Thursday, May 17, 2007
Toyota talk everywhere
A couple of weekends ago I passed through Blue Springs on my way to and from Alabama. And there’s the sign - “Future Site of Toyota Mississippi.”
On the way back to Marshall County, I measured the miles via my vehicle. First, it’s 23 miles to the Benton County line and Hickory Flat. It’s 31 miles to the Marshall County line and Potts Camp, and it’s 42 miles to the first Holly Springs exit on Highway 78 (Future I-22). That means it’s about 60 miles to Byhalia.
That’s a drive of 30 minutes or so to our county from the plant, which will employ at least 2,000 people when it begins producing Highlander SUVs, probably in late 2009.
I overheard a conversation just the other day at a Marshall County ball field, “I’m going to apply at that new Toyota plant.”
The plant will be located in the corner of Union County, and adjoining Lee and Pontotoc. It’s the biggest economic news, I guess ever, to hit these parts.
And the leaders in those three counties deserve the bulk of the credit. They formed the PUL (Pontotoc, Union, Lee) Alliance. They tore down the competitive walls, and realized what’s good for one neighbor is good for the other.
In most every area newspaper I receive, plus in the one we publish right here in Marshall County, there have been front-page stories about the hopes of attracting Toyota suppliers. City and county leaders are focusing on unity. That’s a positive. Teamwork is a tremendous tool.
In the April 25 edition of The Marion County Journal-Record, the twice-a-week newspaper in Marion County, Ala., State Senator Roger Bedford wrote in his column, “With the announcement of Toyota coming to Tupelo, an economic opportunity is available to us here in Northwest Alabama which we have not had before. For the first time, we are in the 70-mile circle radius of the main plant, which enables us to qualify as a potential industrial site for the Tier 1 and Tier 2 suppliers to Toyota.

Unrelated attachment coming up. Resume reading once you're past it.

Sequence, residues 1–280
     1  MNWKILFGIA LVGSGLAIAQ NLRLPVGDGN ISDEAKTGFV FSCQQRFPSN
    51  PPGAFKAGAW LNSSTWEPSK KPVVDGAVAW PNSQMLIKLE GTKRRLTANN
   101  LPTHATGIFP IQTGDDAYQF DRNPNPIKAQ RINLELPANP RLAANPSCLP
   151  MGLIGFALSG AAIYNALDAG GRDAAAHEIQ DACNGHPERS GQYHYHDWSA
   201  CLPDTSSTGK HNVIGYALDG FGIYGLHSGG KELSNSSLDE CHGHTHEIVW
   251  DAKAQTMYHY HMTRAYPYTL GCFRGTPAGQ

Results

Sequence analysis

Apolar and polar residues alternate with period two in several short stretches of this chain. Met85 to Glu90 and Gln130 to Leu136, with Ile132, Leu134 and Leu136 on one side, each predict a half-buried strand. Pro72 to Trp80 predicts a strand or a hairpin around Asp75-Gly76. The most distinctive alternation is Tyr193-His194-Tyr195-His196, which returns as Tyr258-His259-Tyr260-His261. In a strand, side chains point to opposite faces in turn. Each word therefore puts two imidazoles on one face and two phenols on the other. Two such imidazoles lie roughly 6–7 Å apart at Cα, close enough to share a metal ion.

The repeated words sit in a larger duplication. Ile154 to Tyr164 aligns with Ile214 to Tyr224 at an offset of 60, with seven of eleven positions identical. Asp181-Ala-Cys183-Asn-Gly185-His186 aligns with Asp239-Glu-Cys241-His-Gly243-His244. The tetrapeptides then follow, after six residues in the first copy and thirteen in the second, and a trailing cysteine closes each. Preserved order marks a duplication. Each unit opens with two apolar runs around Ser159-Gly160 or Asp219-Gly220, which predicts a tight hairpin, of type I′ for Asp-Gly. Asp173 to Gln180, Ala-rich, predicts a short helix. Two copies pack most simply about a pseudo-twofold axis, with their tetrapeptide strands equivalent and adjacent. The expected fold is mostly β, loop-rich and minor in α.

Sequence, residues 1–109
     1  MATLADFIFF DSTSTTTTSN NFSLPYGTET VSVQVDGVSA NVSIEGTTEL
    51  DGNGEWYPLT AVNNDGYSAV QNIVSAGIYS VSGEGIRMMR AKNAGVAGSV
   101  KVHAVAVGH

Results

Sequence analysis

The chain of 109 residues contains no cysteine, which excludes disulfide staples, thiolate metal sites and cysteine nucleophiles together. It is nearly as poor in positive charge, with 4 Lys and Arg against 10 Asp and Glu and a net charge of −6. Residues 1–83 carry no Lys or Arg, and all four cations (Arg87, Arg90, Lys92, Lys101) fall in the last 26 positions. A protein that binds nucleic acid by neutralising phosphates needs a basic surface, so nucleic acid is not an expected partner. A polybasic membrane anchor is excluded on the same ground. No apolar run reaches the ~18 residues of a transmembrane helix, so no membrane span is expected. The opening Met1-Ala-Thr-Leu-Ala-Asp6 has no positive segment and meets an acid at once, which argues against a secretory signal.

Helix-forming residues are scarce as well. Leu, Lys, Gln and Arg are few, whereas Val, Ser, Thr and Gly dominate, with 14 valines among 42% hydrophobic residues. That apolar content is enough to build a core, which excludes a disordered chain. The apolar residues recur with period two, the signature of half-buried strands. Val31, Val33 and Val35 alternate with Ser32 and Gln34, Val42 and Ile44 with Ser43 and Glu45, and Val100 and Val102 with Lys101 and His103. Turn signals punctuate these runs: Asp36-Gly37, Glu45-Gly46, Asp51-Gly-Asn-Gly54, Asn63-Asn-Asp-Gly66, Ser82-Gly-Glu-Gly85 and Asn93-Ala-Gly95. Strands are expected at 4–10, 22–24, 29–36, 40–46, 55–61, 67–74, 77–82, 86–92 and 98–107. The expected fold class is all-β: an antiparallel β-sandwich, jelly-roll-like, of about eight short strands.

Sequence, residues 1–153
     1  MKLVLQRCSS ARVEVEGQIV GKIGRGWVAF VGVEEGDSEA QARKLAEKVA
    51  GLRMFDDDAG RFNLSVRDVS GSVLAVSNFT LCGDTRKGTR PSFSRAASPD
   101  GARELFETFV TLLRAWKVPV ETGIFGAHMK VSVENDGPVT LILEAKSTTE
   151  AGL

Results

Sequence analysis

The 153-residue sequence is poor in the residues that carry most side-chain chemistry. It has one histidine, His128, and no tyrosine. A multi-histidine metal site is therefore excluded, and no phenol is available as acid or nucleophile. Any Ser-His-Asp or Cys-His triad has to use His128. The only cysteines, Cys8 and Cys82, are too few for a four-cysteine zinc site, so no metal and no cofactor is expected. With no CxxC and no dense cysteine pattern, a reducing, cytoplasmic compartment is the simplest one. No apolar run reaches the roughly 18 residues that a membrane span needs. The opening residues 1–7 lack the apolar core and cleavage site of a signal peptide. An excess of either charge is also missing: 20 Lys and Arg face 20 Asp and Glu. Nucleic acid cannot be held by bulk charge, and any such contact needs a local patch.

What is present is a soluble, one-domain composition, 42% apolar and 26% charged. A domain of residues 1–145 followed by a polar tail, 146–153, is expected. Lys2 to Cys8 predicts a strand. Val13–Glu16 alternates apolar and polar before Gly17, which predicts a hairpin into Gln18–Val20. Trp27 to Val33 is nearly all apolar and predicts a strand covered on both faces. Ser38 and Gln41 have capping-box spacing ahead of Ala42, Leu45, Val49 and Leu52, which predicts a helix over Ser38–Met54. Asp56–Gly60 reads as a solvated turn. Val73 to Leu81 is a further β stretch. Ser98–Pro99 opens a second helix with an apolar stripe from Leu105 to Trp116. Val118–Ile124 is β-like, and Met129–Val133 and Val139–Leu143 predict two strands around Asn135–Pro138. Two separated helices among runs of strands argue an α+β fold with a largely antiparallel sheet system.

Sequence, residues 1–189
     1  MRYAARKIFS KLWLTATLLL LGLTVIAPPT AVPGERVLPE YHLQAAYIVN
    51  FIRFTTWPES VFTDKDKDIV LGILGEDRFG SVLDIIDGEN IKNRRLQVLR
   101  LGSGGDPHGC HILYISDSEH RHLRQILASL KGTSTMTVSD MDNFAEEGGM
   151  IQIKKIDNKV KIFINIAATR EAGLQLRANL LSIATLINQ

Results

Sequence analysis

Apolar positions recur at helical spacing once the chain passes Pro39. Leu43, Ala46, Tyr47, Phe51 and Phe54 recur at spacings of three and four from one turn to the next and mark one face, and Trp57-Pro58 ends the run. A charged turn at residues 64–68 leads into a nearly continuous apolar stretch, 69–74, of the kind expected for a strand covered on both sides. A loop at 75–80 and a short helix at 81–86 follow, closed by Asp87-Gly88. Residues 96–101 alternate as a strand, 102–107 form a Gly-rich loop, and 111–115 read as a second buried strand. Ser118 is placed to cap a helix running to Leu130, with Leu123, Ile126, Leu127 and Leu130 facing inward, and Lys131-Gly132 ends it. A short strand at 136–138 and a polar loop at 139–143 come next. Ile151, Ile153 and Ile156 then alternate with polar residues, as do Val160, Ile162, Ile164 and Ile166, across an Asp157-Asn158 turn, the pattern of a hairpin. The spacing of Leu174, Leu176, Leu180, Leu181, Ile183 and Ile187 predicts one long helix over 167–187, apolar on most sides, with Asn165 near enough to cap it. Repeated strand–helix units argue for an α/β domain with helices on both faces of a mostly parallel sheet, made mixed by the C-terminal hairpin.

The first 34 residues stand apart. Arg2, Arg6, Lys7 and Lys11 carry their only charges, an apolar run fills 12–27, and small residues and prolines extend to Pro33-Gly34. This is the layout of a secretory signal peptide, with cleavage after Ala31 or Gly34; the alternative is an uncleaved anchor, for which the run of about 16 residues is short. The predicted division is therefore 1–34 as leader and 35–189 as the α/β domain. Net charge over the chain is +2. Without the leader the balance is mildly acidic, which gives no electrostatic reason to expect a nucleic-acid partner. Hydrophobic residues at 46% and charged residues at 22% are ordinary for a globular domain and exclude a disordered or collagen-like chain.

“There is a lot of activity and talk going on about how we can better help our local communities have the resources they need to attract and get these new jobs. Once these plants are located, the opportunity to attract them to our senate district will be over, so we must all pull together.
“I am pleased to see so many of our local officials and chamber folks putting their heads together to find out what is the best way to attract these good-paying jobs in our area.”
While visiting Marion County a couple of weekends ago, there was plenty of talk about Toyota.
“How close is that to you?” they’d ask.
Neal Wade, Alabama Development Office director, had this to say in the April 21 edition of The Journal-Record, “If you truly want to bring in larger projects or mega projects, you have to come together as a region to make it successful. You are not selling Guin, you are selling the entire region. You are recognizing that everyone has to work together.”
Our own Marshall County is in a strong position – based on its proximity to Toyota Mississippi and Memphis and the locations of Potts Camp, Holly Springs and Byhalia right along Highway 78 (I-22).
We are also fortunate to have Bill Renick and the leadership of the Marshall County Industrial Development Authority working on a very aggressive plan.
Renick told the board of supervisors recently, “We have a lot going on and we’re at a place where we’re going to have to move to the next level for Marshall County or remain at status quo.”
Nearby counties are lining up for nearly 80 supplier companies that are likely to locate in the region in the next 10 years.
We can all help. We can all get on the team, and be positive about our county and its future.
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